Imagine getting a string of texts from your friends about your ex ― and how he’s been tagged by the paparazzi as Lady Gaga’s new “mystery man.”
It happened to a senior staff editor for the New York Times’ Opinion section, Lindsay Crouse, and she unpacked how it made her reevaluate life, celebrity and social media in an article for the Times.
In the piece, Crouse relates the wild story from the moment she discovered that the man she’d dated for seven years was now seeing the world-famous, Grammy winner, highlighting how the strange turn of events had prompted positive change in her own life.
“I was eating bodega grapes at my desk on a recent Monday morning, gearing up to wrangle my inbox, when my phone started buzzing: ‘Check Facebook.’ ‘Check Twitter.’ ‘Are you OK?’ Crouse begins in the hilarious piece.
“It was an emergency: My ex-boyfriend, I learned, had a new girlfriend.”
Earlier this month, Page Six named Lady Gaga’s new boyfriend as San Francisco tech CEO Michael Polanksy after paparazzi shot images of the “mystery man” leaving Super Bowl LIV with the singer in Miami.
The celeb made it official with a pic shared to her 39.4 million Instagram followers days later and a Valentine’s Day snap not long after that ― although Polansky was not identified by name in her posts, or in Crouse’s article.
Other sources reported on the new relationship, including Refinery29, which declared the singer had followed in the footsteps of Jennifer Lawrence, Emma Stone and Ellie Goulding in selecting a “normal boyfriend.”
“As you can guess from the fact that you’ve probably never heard of me, I’m not famous,” Crouse quipped.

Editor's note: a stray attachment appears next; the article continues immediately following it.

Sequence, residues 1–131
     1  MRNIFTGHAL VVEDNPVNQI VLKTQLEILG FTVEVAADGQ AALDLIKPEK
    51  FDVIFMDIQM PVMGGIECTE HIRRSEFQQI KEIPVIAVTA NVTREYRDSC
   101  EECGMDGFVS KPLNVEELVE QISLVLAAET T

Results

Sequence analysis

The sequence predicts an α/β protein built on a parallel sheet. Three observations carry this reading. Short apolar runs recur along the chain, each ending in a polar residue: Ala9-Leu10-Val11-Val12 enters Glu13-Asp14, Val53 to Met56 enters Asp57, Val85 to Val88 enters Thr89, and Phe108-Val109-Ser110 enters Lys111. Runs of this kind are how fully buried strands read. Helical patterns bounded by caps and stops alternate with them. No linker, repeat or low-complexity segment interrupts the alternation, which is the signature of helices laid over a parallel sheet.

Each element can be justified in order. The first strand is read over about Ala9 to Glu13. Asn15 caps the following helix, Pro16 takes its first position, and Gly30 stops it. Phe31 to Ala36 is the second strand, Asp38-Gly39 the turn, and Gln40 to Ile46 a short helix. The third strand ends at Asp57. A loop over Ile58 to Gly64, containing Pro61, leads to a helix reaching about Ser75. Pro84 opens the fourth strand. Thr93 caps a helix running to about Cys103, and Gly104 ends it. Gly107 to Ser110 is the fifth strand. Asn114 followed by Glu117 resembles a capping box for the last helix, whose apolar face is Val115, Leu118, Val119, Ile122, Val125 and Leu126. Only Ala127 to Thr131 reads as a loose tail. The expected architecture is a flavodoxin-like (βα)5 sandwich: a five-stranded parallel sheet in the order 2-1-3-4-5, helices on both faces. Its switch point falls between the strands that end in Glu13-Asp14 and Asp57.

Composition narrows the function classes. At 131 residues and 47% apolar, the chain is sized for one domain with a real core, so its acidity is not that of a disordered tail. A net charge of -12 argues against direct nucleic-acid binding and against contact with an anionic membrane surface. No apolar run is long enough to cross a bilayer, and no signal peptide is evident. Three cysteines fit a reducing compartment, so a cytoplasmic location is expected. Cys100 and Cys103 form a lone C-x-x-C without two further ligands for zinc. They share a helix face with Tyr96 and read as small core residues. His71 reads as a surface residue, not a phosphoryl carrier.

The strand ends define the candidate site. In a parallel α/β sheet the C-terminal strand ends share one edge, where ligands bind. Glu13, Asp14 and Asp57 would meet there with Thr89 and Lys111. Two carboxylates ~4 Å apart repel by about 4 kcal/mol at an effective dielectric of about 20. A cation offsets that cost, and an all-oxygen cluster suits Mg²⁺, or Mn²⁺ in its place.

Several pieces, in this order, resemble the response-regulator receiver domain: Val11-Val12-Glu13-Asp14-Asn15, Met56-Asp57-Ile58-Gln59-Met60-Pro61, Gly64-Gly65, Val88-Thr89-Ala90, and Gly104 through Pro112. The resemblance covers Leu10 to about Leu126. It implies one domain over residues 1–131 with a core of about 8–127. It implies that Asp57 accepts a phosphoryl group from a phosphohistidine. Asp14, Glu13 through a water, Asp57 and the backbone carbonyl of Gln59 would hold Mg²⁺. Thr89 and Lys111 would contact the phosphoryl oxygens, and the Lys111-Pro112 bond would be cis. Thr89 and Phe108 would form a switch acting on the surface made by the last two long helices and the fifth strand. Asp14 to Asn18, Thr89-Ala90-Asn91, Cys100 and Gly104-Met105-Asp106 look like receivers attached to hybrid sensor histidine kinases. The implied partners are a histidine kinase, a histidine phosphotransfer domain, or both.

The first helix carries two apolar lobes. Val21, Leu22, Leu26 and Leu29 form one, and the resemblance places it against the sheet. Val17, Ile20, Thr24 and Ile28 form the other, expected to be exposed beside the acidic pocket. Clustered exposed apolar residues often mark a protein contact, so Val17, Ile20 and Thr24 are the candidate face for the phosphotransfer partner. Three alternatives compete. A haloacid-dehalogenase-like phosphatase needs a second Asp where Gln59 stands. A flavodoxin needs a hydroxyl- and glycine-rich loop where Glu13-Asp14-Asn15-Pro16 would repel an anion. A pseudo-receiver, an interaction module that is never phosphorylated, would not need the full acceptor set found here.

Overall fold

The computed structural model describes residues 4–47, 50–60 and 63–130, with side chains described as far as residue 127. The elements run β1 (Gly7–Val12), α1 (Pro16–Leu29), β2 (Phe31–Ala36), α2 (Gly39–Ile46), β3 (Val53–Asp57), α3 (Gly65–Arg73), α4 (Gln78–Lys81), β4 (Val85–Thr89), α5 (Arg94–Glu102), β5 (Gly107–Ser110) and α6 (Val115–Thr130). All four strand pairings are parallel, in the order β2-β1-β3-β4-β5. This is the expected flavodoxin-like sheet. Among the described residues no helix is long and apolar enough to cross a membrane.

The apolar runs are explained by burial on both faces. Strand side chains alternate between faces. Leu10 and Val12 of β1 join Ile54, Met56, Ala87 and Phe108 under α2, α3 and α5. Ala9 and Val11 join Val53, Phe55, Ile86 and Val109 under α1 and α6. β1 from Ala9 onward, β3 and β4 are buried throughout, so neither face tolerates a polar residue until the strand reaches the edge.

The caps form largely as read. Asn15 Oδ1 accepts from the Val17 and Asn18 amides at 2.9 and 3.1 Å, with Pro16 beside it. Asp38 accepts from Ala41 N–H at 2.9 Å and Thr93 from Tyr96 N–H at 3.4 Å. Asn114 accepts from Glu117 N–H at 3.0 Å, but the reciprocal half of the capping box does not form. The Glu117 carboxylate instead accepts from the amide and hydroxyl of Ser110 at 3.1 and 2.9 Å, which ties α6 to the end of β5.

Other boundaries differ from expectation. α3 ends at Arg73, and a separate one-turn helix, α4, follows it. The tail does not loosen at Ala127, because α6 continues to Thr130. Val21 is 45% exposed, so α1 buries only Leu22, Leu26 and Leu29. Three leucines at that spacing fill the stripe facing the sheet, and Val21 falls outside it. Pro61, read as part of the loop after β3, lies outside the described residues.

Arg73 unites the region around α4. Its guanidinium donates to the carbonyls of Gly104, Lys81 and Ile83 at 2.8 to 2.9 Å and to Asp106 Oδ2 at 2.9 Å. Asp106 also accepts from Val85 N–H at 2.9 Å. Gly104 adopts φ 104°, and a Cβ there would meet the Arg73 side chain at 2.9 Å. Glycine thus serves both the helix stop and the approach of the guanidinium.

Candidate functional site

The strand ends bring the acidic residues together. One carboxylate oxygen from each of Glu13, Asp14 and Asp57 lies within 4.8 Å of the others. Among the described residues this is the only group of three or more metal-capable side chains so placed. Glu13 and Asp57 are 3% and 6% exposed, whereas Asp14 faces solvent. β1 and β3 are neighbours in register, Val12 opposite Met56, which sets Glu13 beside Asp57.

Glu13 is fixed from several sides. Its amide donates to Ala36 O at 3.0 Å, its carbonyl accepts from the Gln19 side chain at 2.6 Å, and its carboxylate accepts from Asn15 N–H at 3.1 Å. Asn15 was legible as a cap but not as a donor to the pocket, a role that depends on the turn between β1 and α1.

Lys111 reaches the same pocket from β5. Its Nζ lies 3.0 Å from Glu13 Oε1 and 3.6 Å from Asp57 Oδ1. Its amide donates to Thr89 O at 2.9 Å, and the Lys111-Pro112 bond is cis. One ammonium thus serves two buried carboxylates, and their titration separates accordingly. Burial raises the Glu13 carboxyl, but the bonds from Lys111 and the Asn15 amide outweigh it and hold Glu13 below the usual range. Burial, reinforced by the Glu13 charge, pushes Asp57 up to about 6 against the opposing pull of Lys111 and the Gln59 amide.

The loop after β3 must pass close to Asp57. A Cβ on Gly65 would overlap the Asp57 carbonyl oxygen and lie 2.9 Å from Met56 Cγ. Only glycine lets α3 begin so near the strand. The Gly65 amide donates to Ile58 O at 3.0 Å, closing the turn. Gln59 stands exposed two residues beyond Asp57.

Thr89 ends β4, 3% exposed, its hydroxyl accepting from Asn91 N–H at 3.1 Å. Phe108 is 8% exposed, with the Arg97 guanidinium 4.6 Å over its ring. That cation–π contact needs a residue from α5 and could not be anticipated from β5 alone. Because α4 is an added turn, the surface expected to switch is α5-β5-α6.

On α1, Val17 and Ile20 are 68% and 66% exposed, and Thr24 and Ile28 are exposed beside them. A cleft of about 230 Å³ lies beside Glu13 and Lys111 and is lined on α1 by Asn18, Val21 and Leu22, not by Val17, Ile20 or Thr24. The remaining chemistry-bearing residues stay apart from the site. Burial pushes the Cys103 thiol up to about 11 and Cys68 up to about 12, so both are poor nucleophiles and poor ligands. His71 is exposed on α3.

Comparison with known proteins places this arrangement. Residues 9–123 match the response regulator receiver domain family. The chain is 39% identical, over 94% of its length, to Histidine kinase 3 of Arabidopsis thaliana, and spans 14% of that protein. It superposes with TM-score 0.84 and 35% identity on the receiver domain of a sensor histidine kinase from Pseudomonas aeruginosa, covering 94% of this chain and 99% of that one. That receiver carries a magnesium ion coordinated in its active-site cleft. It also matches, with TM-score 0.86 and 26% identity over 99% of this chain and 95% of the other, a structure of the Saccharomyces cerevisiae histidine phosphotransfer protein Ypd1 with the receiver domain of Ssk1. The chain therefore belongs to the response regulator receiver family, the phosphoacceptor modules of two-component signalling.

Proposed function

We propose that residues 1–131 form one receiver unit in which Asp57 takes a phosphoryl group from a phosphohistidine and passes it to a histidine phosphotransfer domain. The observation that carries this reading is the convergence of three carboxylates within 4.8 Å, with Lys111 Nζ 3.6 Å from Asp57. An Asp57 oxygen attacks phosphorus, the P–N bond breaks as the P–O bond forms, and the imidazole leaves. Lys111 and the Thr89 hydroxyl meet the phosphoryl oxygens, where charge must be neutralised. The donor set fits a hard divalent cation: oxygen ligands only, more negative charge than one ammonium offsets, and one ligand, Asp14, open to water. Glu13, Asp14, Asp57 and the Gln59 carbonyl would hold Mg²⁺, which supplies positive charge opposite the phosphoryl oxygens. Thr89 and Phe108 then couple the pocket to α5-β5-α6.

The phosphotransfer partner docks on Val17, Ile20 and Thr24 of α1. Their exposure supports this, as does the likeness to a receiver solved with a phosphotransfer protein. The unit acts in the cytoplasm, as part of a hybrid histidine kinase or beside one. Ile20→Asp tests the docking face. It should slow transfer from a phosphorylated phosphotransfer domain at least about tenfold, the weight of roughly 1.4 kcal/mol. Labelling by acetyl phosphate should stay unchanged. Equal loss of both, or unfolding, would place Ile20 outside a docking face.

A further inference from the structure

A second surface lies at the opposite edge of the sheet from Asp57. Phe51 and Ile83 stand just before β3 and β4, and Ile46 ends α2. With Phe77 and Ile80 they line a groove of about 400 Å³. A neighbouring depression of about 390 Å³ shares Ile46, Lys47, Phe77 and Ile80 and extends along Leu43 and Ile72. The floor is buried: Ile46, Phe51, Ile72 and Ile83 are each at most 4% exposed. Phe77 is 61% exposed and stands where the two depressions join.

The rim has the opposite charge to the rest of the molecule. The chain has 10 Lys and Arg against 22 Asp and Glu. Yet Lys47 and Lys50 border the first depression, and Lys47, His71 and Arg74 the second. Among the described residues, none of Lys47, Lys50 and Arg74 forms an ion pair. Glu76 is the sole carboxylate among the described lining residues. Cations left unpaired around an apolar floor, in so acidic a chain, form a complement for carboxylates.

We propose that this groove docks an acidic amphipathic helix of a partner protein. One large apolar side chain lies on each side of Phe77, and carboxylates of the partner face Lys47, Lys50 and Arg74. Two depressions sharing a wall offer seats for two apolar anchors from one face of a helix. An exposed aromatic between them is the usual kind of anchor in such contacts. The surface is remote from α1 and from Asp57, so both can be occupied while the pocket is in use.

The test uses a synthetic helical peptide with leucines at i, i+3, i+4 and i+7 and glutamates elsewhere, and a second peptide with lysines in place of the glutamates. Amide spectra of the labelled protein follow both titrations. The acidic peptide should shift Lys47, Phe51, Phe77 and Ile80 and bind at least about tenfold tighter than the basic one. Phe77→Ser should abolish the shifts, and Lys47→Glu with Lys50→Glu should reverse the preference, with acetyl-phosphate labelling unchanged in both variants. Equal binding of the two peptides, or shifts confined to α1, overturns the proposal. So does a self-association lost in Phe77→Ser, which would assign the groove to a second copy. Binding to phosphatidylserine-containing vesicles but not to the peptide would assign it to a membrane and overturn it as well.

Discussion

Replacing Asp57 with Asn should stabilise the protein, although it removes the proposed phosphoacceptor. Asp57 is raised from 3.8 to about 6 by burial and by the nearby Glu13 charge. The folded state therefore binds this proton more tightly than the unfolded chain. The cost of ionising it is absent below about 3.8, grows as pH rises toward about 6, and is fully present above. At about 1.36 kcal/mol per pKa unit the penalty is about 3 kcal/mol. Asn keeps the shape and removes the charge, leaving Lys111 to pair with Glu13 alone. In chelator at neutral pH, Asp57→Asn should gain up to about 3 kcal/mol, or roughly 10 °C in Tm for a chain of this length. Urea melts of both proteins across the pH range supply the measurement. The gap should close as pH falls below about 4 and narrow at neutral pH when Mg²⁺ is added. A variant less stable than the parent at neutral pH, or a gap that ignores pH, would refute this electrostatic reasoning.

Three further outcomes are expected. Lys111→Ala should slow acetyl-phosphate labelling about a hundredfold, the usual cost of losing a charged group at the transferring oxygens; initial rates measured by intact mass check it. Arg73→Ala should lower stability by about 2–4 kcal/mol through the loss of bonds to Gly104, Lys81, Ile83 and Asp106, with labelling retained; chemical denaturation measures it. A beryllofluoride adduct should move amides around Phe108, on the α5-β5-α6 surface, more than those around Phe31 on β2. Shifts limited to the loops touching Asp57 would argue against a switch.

She said that she and her ex had moved on, and they no longer followed one another on social media.
“I hadn’t googled him in forever (I promise). But this month I knew everything about his new relationship status, within hours of when it was disclosed.”
It’s natural for people to compare themselves to their exes’ new partners, she wrote, but “how do you compare yourself to Lady Gaga?”
Although first feeling confounded by the concept, Crouse soon shifted her perception to see this comparison in a flattering light, she said.
“Lady Gaga is amazing. Comparing yourself with her is incredibly motivational, and I recommend you try it, regardless of how you relate to who’s dating her.”
Crouse highlighted the singer’s achievements and advocacy campaigns as the “ambitious life that we keep saying women should embrace,” realizing that, in comparing herself to her, it motivated her to step outside her own comfort zone.
For example: Instead of wearing an old dress, she purchased an expensive new one for an event.
Because “why should I accept less than Lady Gaga?”
And the changes didn’t stop there. She got her makeup and lashes done, upgraded her coffee order, forwarded praise she received to her boss and accepted a daunting work presentation ― why should she allow herself to grow complacent, she wondered, when “Lady Gaga continues to challenge herself, to try new things, to thrive”?
Finally, the editor reflected on how we all behave online, dropping a little spice with her final line:
Recently someone sent me a photo of my fiancé and me dancing at a wedding, and I posted it on Instagram. I saw Lady Gaga’s boyfriend in the views, and I realized we’re actually all the same: strangers, smiling on a screen.
The piece was met with praise online for being an incredibly healthy take on fame, moving on, self-improvement and living in an age when it’s nearly impossible to unplug from social media.
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